Helping Disabled Americans and Their Families Save Through the ABLE Act
Dale BrownPresident and CEO, Financial Services Institute (FSI)
Dec 28, 2016
When we say that the Financial Services Institute (FSI) is working to make sure all Americans have access to professional, objective financial advice, we mean all Americans.
This commitment is the driving force behind our staunch support for three bills currently working their way through Congress that will provide and protect saving and investment opportunities for disabled Americans and their families.
The three bills are amendments to the ABLE Act, which allows individuals with disabilities, and their families, to put money away for qualified disability expenses on an after-tax basis — allowing the earnings in these accounts to grow tax-deferred — under the portion of the tax code that established 529 college savings programs without jeopardizing their eligibilities for federal public benefits. The original law received support from 381 out of 435 U.S. representatives and 78 out of 100 senators and was signed into law in December 2014 after a concerted decade-long advocacy effort by a cross-disability grassroots coalition.
This incredible advocacy achievement stands to benefit an estimated 54 million Americans.
Even with such overwhelming support in the House and Senate, though, the fight to secure savings and investment opportunities for America’s disabled citizens and their families goes on. FSI is currently working with the National Down Syndrome Society and the ABLE Alliance for Financial Empowerment to build support for the three new amendments, which would add critical protections to the 2014 law in order to ensure broad access to ABLE Act benefits for those who need them most.
The three amendments are explained below.
- The ABLE to Work Act: This bill would allow disabled workers to save approximately $12,000 over the current federal gift tax contribution limit of $14,000 per year to ABLE accounts, thereby helping them more effectively save money to deal with disability-related expenses.
- The ABLE Financial Planning Act: This amendment would allow assets in 529 college savings accounts to be rolled over tax-free to qualified ABLE accounts. Because many disabilities do not manifest themselves until later in a child’s or young adult’s life, the lack of this key protection means that assets in 529 plans — which many parents and relatives open as soon as a child is born — can become stuck there once the disability is diagnosed. This common-sense change would remove that roadblock for families with special-needs children.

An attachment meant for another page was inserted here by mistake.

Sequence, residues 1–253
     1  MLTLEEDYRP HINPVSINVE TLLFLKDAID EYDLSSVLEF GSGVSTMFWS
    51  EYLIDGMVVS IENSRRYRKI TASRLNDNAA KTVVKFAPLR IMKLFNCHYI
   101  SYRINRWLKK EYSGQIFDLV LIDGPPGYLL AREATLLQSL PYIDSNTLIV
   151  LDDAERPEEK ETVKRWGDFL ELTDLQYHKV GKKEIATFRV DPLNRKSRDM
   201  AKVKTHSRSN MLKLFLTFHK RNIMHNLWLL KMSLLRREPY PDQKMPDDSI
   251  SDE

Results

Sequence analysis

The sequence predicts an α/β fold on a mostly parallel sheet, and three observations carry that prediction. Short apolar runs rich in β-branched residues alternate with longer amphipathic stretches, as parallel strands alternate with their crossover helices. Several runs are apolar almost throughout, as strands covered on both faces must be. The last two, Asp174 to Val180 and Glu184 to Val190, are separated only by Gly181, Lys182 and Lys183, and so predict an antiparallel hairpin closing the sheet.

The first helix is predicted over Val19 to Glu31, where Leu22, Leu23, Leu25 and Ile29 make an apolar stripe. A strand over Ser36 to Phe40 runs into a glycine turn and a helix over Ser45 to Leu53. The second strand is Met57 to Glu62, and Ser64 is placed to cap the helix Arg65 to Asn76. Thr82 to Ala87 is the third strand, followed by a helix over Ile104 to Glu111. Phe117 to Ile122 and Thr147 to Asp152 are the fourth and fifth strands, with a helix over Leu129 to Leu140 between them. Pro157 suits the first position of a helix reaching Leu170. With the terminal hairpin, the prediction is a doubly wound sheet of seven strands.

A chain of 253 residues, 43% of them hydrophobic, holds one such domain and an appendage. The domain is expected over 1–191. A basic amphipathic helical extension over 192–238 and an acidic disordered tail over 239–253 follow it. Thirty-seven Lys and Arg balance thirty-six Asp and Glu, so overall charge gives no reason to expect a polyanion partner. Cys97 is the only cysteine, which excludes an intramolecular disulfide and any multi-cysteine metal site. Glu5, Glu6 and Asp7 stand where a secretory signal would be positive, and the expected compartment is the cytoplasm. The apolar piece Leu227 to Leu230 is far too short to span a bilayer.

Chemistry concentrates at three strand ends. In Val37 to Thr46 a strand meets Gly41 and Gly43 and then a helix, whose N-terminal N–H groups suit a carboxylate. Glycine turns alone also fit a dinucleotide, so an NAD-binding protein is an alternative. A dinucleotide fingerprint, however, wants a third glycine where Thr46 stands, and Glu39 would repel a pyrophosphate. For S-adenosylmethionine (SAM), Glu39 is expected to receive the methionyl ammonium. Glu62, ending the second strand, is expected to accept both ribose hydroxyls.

- The ABLE Age Adjustment Act: This measure would provide additional protection for those who experience the onset of disabilities later in life or who become disabled due to injuries or accidents. The bill would raise the age limit on ABLE Act benefits from 26 years old to 46.
We have been very proud to work alongside our coalition partners this year to build legislative support for these crucial amendments, and we were happy to leverage our relationships on the Senate Finance Committee to get the ABLE to Work Act and ABLE Financial Planning Act passed by that body in September. We are now working with members of the House Ways and Means Committee to secure their support in Congress, and we are also committed to strengthening support for the ABLE Age Adjustment Act in order to secure passage for that measure.
In addition, the effective relationships we have developed with state legislators as a result of our focused efforts to engage with statehouses across the country have also helped us to move the ball forward on this crucial issue. While the ABLE Act provided for the creation of tax-advantaged accounts for people with disabilities and their families at the federal level, the work of actually establishing those programs was entrusted to the states. It is vital, therefore, that state legislators understand the important benefits ABLE accounts stand to offer their constituents and work diligently to make those programs available as quickly as possible.
Five states — Ohio, Florida, Tennessee, Nebraska and Michigan — have already established ABLE programs. FSI, in coordination with the National Down Syndrome Society and our other alliance partners, is working with a number of additional states — including Alaska, Arizona, Georgia, Indiana, Illinois, Kentucky, Pennsylvania, South Carolina, South Dakota, Washington and Virginia — to help them set up programs, as well. We hope to see many of these states make ABLE accounts available to residents by the end of this year.
Independent financial advisors are more than trained professionals who provide valuable services to investors — they are caring, trusted counselors who form profound personal relationships with the clients and families they serve. This is especially true for advisors who work with those extraordinary families that support disabled children or other family members. We are very pleased to be working at both the state and federal levels to establish common-sense legislation that will remove many of the roadblocks these families have previously encountered in their efforts to care for their disabled loved ones — and help them face their financial futures with confidence.